The code is a little messy, and the documentation could be a better, but I don't think the overall design is too bad. The application is divided into 4 parts:

  • A Minefield class that handles all of the game logic.
  • A QMinefield class, a Qt widget that handles user input and the graphics.
  • A MainWindow class that takes care of the GUI stuff like menus.
  • A main function that creates the MainWindow

The code is available here. Radio Ripper

I recently bought a Cowon iAudio A2, so I needed to get some new music. I'm a big fan of, and it occured to me that I could get an almost endless supply of music if I could record it.

So, after a few days of thinking it over, I sat down for a few hours and wrote a nifty radio ripper in Erlang. Surprisingly, the whole thing only comes to about 160 lines of code. Unfortunately, mainly due to my unfamiliarity with Erlang, the code is pretty buggy. After a few songs (around 10), it'd fail.

I decided to start from scratch in C++. This version is much better, and records for hours.

QLines (Five Or More clone)

QLines screenshot

I got a little bored over the five day weekend between jobs, so I started playing "glines", the GNOME Five Or More clone. After a few hours of frustration, I realized I could probably make my own clone of the game without too much trouble.

A few hours later, I had this. It's a really simple implementation, without any of the "fancy" features of the GNOME version, but it's playable, if a little limited. There's only one board size (9x9), and the score keeping is different than the GNOME version, but it wouldn't be hard to add additional board sizes and correct scoring, I just lost interest.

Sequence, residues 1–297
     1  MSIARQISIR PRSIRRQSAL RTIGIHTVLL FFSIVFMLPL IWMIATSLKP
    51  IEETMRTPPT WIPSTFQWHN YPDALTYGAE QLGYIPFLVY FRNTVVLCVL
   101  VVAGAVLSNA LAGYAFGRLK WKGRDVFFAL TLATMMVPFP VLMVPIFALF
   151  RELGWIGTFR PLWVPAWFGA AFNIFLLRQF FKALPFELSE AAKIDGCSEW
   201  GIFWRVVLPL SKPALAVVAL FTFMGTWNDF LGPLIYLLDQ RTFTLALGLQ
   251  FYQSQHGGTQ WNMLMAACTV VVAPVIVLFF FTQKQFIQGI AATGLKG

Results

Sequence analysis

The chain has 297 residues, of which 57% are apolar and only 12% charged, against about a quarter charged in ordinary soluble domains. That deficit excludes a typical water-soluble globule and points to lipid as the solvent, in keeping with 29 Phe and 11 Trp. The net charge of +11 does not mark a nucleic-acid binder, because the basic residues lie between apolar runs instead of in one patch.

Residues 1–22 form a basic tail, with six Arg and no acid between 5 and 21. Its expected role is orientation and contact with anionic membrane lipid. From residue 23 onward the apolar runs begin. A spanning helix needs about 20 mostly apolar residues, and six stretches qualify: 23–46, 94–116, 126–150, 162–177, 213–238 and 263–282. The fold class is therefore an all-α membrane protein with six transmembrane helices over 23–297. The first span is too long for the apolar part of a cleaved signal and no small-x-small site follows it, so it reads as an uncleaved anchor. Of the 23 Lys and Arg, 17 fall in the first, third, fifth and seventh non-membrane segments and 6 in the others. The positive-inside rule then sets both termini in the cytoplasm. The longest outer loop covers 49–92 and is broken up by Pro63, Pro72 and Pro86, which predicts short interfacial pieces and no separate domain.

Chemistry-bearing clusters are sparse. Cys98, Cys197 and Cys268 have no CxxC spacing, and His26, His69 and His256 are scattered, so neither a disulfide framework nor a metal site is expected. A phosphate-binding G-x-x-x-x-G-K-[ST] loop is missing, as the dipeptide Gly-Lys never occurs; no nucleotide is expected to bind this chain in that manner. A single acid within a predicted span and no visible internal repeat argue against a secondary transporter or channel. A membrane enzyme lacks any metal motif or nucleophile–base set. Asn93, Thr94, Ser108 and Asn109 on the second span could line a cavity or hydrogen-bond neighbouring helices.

I used Qt for the GUI, so the game should compile without problem on Linux, Mac, Windows and several other platforms, however I've only tested it on Debian.

The only real interesting part of the implementation is the algorithm to detect whether a piece could move to a new location, and the path it would take getting there. After about half an hour, I realized a simple depth-first search would work nicely. The current implementation isn't very smart, but handles the "Large" 20x15 grid size quite efficiently.

The second challenge I faced was determining when a "line" of 5 or more pieces had been formed. Fortunately, a brute force search seems to work well enough for the grid sizes used. Even with a 50x50 grid the search is almost instantaneous and does not noticeably slow down game play. With the 9x9 and 20x15 grid sizes, the search is very quick.

I also began work on a clone of the GNOME game Same, although this hasn't gone very far, and will probably never get finished ;-).

Ray Tracer

Ray Tracer scene

About a week ago, I started working on a simple ray tracer. After a little work, I decided to add spatial subdivision to make it faster. The image shown was generated in about 2 minutes, and contains a few thousand spheres.

The simple ray tracing algorithm works by tracing rays for each pixel on the screen, and testing for intersection with every object in the scene. After finding the closest intersection, new rays need to be traced for shadows, reflection and refraction, and each of those needs to be tested against every object in the scene as well. That can take a really long time for complex scenes.

The spatial subdivision method I'm using is from a paper by Akira Fujimoto, Takayuki Tanaka, and Kansei Iwata, published in 1986. It helps reduce the number of intersection tests required by placing the scene in a large grid. Each cell of the grid contains a list of objects that are completely or partially in the grid cell. A 3d version of Bresneham's line drawing algorithm is then used to traverse the grid along the path of a ray, and each object in each grid cell along the path is tested for intersection. This may result in significantly faster rendering times.

The algorithm reduces the number of intersection tests required because it only needs to test objects contained in the grid cells it visits. Also, once it finds the closest intersection in a cell, it's no longer necessary to continue searching. In addition, the Bresenham algorithm uses only integer additions and subtractions, which is significantly faster than the floating point vector operations that are usually involved in intersection testing.